Surge in Violence Worries Baghdad In Iraq, Shiite militia men loyal to radical cleric Moqtada al Sadr are fighting for control of the southern city of Basra. As the violence spreads to Baghdad, Iraq's president is giving militants three days to lay down their weapons.

Surge in Violence Worries Baghdad

Surge in Violence Worries Baghdad

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In Iraq, Shiite militia men loyal to radical cleric Moqtada al Sadr are fighting for control of the southern city of Basra. As the violence spreads to Baghdad, Iraq's president is giving militants three days to lay down their weapons.

BILL WOLFF (Announcer): From NPR News in New York, this is the Bryant Park Project.


Overlooking historic Bryant Park in midtown Manhattan, this is the Bryant Park Project from NPR News. We're your home for news, information and today, talking to yourself. I'm Alison Stewart, guilty as charged.


And I'm Rachel Martin, also talking to myself quite frequently down on the other side of the office. It's Wednesday, March 26th, 2008. I talk to myself a lot because I don't really have it together most of the time, and today was no different. This morning I went through all this extra effort. I also, note, put on jewelry, I accessorized. I thought, I'm going to look nice at work today.

STEWART: I see. Nice.

MARTIN: The best laid plans of mice and men. I got to work, forgot my keys, sat in the hallway outside the office for 45 minutes waiting for someone to let me in.

STEWART: I got the saddest text message from you, because it's usually you then me, or me or you and Ian and I come in at the same time. "I'm in the hall, no keys." But I don't want you to feel badly. Look at my feet. What do you see?

MARTIN: Miss Alison Stewart is wearing one brown sock and one black sock.

STEWART: Yes! That's what happens when you get up early in the morning.

MARTIN: That is hilarious.

STEWART: Yeah, we've got it together here at the Bryant Park Project.

MARTIN: That's why we work on the radio.

STEWART: We'll be talking about some other people who don't quite have it together at work. You know who they are. The people who are sitting at their cubicles talking to themselves. Jared Sandberg from the Wall Street Journal, friend of the BPP, will join us today.

MARTIN: Also, on the show this morning, it's been almost a year since the shooting at Virginia Tech. Thirty-three people were killed in that massacre. Since then, lots of schools have beefed up their crisis drills and preparedness procedures. We are going to talk to someone who works on this issue. He works with schools on how to prepare them for times of crisis.

STEWART: And a Pennsylvania farmer says he's going to stop growing tomatoes because of Congress' inability to pass immigration reform. Now, one of the big deals is he is one of the largest tomato growers - has a 2,000-acre farm. It's one of these huge farms. He will be on the line to explain more about why he is doing it.

MARTIN: Also, we have the best song in the world today. What will it be? Stay tuned to find out. We're going to walk you through the day's headlines in just a minute, but first...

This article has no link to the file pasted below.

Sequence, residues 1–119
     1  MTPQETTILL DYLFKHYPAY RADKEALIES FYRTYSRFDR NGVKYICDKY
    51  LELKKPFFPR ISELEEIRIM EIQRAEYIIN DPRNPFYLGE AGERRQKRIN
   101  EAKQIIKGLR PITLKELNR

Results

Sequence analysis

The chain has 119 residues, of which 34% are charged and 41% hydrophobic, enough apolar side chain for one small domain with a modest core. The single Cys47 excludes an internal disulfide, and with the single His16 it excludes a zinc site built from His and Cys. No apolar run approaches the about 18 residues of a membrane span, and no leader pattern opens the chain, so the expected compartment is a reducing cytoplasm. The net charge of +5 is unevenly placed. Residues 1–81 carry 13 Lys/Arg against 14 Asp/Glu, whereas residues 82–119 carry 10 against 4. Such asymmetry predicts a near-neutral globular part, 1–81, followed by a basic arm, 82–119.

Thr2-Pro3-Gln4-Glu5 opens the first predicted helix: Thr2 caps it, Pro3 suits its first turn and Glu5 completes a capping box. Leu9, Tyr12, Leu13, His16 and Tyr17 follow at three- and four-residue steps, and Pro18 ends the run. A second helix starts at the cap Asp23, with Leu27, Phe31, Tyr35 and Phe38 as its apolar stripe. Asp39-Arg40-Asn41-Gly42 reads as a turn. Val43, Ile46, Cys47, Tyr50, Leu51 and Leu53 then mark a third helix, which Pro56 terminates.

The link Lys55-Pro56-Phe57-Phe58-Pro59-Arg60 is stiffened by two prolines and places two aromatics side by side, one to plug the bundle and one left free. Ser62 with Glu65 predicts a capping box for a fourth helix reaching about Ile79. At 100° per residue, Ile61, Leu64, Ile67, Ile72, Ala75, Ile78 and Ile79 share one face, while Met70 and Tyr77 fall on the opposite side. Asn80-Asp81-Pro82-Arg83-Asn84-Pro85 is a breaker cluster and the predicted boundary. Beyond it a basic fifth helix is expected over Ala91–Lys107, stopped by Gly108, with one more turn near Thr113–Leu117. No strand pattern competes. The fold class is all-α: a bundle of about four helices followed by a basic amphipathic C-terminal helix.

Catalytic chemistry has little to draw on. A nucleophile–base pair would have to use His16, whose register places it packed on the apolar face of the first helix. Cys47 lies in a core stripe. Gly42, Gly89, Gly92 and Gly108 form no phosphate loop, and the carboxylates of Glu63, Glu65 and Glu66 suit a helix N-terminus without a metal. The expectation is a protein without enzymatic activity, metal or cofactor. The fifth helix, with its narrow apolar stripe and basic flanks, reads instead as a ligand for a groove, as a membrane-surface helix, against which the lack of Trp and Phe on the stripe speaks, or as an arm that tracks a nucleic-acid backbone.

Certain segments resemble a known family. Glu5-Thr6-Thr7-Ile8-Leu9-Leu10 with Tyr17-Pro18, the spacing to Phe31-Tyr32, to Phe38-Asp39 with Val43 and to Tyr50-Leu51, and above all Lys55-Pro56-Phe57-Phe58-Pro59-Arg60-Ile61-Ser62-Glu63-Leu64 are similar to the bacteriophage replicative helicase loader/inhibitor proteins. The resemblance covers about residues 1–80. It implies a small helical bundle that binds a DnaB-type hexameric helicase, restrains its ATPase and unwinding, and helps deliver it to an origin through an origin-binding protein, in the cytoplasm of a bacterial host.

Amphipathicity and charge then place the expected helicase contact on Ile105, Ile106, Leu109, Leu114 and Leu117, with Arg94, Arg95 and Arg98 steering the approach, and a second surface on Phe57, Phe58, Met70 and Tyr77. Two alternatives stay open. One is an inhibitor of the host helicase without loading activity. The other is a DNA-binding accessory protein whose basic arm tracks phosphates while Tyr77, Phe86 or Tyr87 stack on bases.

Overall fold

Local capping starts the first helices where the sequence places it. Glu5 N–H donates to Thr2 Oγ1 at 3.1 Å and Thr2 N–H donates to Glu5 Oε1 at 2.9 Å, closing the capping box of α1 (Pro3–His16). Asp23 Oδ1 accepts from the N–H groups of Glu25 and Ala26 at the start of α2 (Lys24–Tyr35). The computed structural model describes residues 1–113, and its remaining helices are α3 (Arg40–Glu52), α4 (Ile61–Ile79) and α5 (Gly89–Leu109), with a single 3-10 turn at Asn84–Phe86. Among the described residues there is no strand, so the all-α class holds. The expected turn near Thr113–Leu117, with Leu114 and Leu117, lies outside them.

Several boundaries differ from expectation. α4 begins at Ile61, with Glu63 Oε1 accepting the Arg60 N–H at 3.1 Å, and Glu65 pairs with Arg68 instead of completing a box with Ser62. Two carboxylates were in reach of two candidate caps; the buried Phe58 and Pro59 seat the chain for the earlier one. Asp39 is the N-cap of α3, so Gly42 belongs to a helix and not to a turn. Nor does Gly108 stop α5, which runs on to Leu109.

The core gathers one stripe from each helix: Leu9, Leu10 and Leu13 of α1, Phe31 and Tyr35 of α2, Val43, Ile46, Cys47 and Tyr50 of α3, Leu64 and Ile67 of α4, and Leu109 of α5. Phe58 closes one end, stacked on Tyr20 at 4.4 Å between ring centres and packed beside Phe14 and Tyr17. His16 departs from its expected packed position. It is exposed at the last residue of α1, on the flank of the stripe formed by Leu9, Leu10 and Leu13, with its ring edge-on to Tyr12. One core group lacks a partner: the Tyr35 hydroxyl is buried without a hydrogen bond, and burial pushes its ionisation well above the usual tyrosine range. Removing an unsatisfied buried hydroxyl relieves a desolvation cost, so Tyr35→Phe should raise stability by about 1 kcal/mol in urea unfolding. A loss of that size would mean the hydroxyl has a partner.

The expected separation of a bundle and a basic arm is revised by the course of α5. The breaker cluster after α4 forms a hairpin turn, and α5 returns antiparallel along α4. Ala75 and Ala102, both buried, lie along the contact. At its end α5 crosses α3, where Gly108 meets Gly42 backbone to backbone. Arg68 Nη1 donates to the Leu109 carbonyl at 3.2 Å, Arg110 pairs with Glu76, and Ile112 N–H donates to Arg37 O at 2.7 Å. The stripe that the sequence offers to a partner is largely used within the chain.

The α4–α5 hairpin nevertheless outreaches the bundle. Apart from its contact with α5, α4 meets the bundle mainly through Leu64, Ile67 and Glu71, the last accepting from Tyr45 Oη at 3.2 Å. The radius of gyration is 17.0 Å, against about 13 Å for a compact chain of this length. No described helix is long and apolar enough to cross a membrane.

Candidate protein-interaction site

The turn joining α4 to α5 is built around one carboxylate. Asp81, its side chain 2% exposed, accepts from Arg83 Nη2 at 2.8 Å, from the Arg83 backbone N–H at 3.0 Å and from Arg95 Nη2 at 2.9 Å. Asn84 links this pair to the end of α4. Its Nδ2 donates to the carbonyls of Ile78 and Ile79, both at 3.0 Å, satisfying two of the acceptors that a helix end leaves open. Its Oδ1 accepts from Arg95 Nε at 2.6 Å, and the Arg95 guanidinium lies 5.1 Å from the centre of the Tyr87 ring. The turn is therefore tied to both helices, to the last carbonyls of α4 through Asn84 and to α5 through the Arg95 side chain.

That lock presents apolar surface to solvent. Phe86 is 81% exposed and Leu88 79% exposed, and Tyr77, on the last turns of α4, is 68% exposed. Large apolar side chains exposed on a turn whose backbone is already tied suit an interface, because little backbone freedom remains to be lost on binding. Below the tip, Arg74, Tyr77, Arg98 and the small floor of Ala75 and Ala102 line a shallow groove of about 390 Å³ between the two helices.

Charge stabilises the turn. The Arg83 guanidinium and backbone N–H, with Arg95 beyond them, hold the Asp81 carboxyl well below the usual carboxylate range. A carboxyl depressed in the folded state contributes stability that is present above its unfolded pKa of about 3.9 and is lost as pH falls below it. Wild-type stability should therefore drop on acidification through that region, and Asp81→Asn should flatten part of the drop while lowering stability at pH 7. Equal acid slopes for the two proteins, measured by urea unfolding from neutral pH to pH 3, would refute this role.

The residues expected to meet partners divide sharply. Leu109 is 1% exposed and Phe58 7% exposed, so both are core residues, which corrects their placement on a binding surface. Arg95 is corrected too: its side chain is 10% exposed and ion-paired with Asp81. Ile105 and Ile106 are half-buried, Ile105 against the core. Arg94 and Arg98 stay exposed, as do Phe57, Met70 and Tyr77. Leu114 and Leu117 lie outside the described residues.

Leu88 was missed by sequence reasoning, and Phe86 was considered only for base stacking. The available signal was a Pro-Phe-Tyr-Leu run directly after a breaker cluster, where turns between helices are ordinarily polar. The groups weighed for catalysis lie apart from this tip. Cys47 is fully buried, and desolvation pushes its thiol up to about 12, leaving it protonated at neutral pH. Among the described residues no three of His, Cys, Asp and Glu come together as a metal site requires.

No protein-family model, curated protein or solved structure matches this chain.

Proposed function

STEWART: In Iraq, the nation's prime minister is giving militants three days to lay down their weapons. Shiite militiamen loyal to cleric Muqtada al-Sadr are fighting for control of the southern city of Basra, and that fighting has now spread to Baghdad. Today more than 50 people have been killed, and hundreds wounded in the clashes.

MARTIN: More on Basra in a minute. First, NPR's Dina Temple-Raston was in the streets of Baghdad earlier today. Here's what she saw.

DINA TEMPLE-RASTON: The armed Mahdi army militiamen are openly out on Baghdad streets for the first time in more than six months today. The Mahdi army members have always been there, but they have always been sort of lurking in the shadows and trying to avoid confrontation. Now, there's an open confrontation going on.

STEWART: American troops have gone into Baghdad's Sadr City neighborhood, a Mahdi army stronghold, where we're getting reports of intense firefights. Yesterday, 20 people were killed, and 115 wounded in that neighborhood alone.

MARTIN: Dina Temple-Reston says that while the fighting remains largely isolated to that area, the uptick in violence has many people in Iraq's capital concerned.

TEMPLE-RASTON: It's relatively limited, but there's this sense in the city as I was walking around this morning that another shoe is going to drop. The question is what that shoe is going to be, and how bad it's going to be. That's what the problem is. You know, all this is taking place while the U.S. military is trying to draw down its forces here, saying that the surge has worked, and there's security in Baghdad. So this is why this is so key.

MARTIN: Now White House Press Secretary Dana Perino addressed the draw-down, and said the president wants to first make sure that recent security gains are not reversed.

Ms. DANA PERINO (White House Press Secretary, George W. Bush Administration): He has not been shy about saying that we have to make sure that the gains that have been achieved over this past year not be erased by acting too quickly in bringing troops home.

STEWART: As military commanders have noted, any reduction in troop levels is largely dependent upon Iraqi security forces, and today's battle for the control of Basra is a major test of their ability to maintain order.

MARTIN: In an indication of the importance of that battle, Iraqi Prime Minister Nouri al-Maliki is overseeing the operation personally. He took to Iraqi airwaves earlier today to give gunmen in Basra a three day deadline to hand over weapons and renounce violence.

STEWART: You can check updates on this story by going to Now, let's get more of today's headlines.

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